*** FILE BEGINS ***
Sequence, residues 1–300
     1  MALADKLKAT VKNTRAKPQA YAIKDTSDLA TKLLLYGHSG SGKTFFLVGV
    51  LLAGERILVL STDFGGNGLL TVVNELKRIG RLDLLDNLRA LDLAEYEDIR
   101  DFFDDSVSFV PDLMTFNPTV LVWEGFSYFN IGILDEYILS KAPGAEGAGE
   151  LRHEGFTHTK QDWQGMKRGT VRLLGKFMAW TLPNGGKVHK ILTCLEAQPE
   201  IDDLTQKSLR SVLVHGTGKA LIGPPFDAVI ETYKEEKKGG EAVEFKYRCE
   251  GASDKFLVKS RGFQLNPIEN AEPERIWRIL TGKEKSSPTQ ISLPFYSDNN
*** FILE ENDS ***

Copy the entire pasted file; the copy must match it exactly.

Sequence, residues 1–300
     1  MALADKLKAT VKNTRAKPQA YAIKDTSDLA TKLLLYGHSG SGKTFFLVGV
    51  LLAGERILVL STDFGGNGLL TVVNELKRIG RLDLLDNLRA LDLAEYEDIR
   101  DFFDDSVSFV PDLMTFNPTV LVWEGFSYFN IGILDEYILS KAPGAEGAGE
   151  LRHEGFTHTK QDWQGMKRGT VRLLGKFMAW TLPNGGKVHK ILTCLEAQPE
   201  IDDLTQKSLR SVLVHGTGKA LIGPPFDAVI ETYKEEKKGG EAVEFKYRCE
   251  GASDKFLVKS RGFQLNPIEN AEPERIWRIL TGKEKSSPTQ ISLPFYSDNN